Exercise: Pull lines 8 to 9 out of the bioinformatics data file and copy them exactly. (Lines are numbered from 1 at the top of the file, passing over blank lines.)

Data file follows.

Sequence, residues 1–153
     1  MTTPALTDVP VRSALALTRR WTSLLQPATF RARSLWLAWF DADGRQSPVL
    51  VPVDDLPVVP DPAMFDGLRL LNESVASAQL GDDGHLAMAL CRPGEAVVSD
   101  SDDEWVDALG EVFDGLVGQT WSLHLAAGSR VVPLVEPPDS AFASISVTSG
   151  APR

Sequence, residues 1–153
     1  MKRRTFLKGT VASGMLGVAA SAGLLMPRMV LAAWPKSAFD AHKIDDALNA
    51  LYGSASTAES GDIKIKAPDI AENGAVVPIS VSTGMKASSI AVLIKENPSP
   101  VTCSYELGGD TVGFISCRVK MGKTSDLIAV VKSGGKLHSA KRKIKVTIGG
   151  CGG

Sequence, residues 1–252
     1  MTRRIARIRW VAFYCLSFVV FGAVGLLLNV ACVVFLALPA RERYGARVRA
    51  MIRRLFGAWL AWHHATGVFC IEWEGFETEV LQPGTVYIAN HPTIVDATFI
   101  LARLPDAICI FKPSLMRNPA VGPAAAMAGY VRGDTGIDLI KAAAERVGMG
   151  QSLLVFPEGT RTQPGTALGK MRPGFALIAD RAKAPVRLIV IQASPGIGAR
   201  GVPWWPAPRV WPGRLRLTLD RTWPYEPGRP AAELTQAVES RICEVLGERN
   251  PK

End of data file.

    51  LYGSASTAES GDIKIKAPDI AENGAVVPIS VSTGMKASSI AVLIKENPSP
   101  VTCSYELGGD TVGFISCRVK MGKTSDLIAV VKSGGKLHSA KRKIKVTIGG